How Tom Aspaul Quit The City & Made One Of The Year’s Most Joyous Records In ‘Black Country Disco’

Tom Aspaul‘s debut album is a fucking triumph.

Black Country Disco is a brilliant concept. Take life in the mundane, dull-skied West Midlands of the UK and make it slap through exploring heartbreak, fear, new beginnings, blooming & finding yourself again through exciting, brilliantly written, confessional pop music with a disco twist.

For an artist who we first stumbled across with an exceptional song nearly seven years ago – that ended up being reimagined by Kylie Minogue and kickstarting his career as a songwriter proper – this album feels like far more than just a debut album. It’s a full realisation of an artist that writes unlike anyone else, delivers consistently and makes you happy through processing his sadness. It’s a special thing to be able to do.

It’s just gone 1am where Tom is, he’s just finished watching a black and white film with his Mum and we’re ready to talk. Nic Kelly in bold, Tom Aspaul in not-bold, and hit play before you read through this.

Your album comes out this week. Wow.

I know. Everything is going according to plan, whatever that means. I’m feeling good. I thought I’d be more emotional and more fraught, but I’m not at all, I’m very sort of calm and just excited. I can’t believe how long it’s been – I announced the name of the project on the exact same day, a year before. So it’s like a big, full circle. That year has just been like the most crazy year in everyone’s life pretty much. It’s just been mad.

The 12 months since then just feel particularly whirlwindish.

Yeah, and I’m not trying to make out that I’ve had it even more dramatic than everyone else. But in the sort of three, four months before the pandemic kicked off, I left my job and my boyfriend and my home and where I lived, I left everything where I’d been living for like twelve years. So then I came back home, and then this all kicked off… it’s just been mad. At the same time, it’s been a whirlwind in a good way. I’ve learned loads of stuff like I’ve gotten really good at producing, I’ve learned how to run my label quite effectively, I’ve learned how to do physical records and physical CDs… I’ve gotten better a lot of things. It’s been an experience and a learning curve.

You’ve been an icon of bundles recently, I saw all the bundles. Talk me through that physical production process?

Have you heard, like, the anecdote about at the end of the Second World War, Winston Churchill and Roosevelt and I think Joseph Stalin made a note on a napkin… I could be making this up… but that’s pretty much how I just decided what went where with the bundles. It was like, really late night. It was the middle of June, I was listening to Fleetwood Mac, I was sitting here right now. I had my notebook open. And I was like, “I’ve got 100 vinyl that I’ve been given by Qrates. And I was like, “I’m just going to split them in two, put some this way and sell some this way, and then make so many CDs.” I just did it without looking at the cost of manufacturing anything. Or how much do people tend to sell them for and I just did it. And luckily, everything has like, worked out budgetwise.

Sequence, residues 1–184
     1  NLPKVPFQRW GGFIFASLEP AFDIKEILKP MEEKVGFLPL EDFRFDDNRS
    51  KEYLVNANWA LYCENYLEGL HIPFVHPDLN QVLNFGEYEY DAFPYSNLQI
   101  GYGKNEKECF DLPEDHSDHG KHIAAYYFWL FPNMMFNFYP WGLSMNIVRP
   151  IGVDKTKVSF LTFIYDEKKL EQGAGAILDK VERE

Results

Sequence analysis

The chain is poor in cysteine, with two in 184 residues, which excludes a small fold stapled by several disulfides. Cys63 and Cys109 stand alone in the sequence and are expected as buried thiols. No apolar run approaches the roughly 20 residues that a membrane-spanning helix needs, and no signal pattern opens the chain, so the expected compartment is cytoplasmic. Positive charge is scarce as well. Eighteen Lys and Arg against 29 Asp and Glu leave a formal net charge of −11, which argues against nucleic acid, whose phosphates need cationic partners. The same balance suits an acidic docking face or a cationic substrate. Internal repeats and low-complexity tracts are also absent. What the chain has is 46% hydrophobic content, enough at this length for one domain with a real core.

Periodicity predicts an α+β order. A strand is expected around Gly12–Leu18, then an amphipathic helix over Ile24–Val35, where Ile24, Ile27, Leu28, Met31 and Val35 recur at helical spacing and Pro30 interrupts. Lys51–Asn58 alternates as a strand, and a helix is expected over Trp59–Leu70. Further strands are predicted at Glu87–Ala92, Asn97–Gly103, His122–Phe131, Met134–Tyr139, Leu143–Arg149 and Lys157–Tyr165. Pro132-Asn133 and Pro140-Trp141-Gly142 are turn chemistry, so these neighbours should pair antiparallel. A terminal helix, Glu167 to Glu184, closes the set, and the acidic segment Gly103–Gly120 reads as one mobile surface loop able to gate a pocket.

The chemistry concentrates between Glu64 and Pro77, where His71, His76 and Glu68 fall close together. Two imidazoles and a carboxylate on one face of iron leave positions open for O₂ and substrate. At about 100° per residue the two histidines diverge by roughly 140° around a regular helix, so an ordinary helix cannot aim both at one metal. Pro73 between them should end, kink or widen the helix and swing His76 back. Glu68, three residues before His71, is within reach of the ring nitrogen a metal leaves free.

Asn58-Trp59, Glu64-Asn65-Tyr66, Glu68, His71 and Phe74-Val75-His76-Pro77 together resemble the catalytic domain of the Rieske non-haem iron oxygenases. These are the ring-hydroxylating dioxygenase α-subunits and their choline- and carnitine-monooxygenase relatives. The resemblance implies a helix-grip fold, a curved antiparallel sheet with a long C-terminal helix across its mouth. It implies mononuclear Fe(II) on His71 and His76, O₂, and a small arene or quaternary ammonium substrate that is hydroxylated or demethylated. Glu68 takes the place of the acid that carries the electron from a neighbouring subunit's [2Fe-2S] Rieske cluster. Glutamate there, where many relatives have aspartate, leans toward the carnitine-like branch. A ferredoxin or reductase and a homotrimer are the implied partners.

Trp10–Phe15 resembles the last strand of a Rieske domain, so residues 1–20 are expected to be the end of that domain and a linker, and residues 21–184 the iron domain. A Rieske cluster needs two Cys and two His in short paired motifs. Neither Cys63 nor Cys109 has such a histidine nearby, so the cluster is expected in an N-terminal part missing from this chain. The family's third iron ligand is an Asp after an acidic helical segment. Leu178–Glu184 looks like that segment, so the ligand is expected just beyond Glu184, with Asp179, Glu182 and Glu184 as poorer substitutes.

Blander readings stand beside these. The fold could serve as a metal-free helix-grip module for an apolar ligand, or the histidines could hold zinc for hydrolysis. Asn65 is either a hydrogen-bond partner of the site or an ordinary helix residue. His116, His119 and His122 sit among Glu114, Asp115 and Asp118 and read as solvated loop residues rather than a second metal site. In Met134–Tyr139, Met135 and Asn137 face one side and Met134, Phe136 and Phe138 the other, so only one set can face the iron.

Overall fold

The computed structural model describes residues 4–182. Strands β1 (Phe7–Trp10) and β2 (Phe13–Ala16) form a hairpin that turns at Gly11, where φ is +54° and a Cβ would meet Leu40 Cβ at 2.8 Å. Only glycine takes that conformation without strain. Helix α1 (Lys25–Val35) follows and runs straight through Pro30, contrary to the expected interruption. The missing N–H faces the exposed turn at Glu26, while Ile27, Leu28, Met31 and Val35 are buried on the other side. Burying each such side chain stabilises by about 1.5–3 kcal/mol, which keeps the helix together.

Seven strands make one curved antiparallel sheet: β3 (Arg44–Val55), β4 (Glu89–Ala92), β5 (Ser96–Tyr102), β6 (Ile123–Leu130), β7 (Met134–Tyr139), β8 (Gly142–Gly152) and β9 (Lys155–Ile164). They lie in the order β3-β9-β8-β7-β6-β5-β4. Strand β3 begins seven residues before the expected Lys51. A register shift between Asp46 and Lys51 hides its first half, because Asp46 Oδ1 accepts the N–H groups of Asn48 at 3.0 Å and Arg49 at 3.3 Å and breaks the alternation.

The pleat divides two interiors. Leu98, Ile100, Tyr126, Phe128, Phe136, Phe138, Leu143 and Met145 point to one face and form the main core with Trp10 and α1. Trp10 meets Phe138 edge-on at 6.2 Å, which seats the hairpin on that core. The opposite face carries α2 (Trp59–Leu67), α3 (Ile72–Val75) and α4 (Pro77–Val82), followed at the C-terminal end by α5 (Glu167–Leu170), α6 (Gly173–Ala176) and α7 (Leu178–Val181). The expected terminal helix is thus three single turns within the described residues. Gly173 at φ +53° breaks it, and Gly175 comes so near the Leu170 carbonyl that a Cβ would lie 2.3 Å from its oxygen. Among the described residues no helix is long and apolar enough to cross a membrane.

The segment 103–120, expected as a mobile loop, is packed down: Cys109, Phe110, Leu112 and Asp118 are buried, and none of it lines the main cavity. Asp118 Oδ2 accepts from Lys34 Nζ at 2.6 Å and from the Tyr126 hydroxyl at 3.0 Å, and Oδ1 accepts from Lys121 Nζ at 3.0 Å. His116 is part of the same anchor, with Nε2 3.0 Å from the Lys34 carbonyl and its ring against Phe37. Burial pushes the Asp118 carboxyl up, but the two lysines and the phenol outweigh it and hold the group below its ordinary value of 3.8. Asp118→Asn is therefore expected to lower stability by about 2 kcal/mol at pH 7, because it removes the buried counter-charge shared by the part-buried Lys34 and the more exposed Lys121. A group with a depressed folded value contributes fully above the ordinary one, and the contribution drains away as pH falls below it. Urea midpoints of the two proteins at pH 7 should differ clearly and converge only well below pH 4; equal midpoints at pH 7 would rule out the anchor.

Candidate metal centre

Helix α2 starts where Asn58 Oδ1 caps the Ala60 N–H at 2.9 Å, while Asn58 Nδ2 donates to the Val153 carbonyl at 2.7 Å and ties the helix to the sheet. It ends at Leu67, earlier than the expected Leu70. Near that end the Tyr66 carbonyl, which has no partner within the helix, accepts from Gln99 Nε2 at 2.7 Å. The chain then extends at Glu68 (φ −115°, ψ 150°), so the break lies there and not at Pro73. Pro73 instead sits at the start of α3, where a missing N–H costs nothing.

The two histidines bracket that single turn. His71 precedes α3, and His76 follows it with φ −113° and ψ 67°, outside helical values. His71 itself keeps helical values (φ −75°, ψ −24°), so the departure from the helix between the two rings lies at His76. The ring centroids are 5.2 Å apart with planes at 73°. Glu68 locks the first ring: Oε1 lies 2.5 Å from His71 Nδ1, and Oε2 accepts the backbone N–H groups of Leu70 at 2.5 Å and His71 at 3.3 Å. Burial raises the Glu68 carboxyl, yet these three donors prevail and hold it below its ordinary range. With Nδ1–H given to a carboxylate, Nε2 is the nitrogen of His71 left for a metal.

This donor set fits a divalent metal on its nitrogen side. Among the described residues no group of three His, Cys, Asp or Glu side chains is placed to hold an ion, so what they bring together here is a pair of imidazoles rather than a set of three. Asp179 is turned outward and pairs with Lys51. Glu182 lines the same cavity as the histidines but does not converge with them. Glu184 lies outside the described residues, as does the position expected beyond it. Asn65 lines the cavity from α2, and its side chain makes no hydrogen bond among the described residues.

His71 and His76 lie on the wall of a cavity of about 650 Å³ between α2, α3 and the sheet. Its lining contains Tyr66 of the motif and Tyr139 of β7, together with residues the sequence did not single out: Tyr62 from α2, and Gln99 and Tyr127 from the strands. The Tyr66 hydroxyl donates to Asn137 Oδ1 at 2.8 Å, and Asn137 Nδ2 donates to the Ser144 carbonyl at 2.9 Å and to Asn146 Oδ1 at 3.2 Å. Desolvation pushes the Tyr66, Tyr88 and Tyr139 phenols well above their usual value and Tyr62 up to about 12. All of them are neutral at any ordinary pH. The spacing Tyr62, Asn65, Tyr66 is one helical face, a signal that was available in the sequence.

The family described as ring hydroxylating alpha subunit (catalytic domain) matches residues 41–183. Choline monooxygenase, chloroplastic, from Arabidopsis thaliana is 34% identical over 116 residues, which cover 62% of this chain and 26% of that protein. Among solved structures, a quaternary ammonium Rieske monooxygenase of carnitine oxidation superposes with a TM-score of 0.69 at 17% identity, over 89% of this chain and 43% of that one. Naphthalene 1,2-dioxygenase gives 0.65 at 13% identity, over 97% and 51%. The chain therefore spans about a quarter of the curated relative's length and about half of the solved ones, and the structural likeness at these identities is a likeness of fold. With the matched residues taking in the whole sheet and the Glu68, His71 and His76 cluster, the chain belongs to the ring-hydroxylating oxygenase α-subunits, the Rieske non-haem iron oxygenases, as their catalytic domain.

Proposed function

When I bought the vinyl though, it almost didn’t matter to me the cost, because I was so invested in what you were doing with this project. and the concept of Black Country Disco. Not many artists will announce the project and then start sort of leaking the tracks gradually and introducing what the world is. Most people will do most of the tracks, then maybe a month out they’ll say what the project and the concept’s called, but you’ve kind of flipped that on its head. I think that might bring some more personal investment from people, do you think?

Yeah, possibly. And that was never my intention. I thought this album was going to be out in, like, the beginning of 2020. And obviously I announced it in September 2019. So it was only three months – kind of more or less what you were saying – like the regular rollout. But it took a lot longer for things to get finished. AND I went to Australia for like, three weeks. In the end it was nice, because the more unplanned it kind of was at some stage, it made me able to change things and adapt. That adaptability was a stroke of luck, really, because then obviously the pandemic happened and I’d not set a release date, thank God, because that would have been f’d, royally. Obviously you can always put dates back and stuff, but I hate to backtrack, so I just kind of kept that release date dangling. I was going to try and do July 14th, because that is the official Black Country Day, but then it made sense for that to be the day I would announce the name of the album and then it would come out in September. So it’s actually all kind of panned out well, but yeah, like you said – I think because of that it’s like a happy accident, people have become more invested.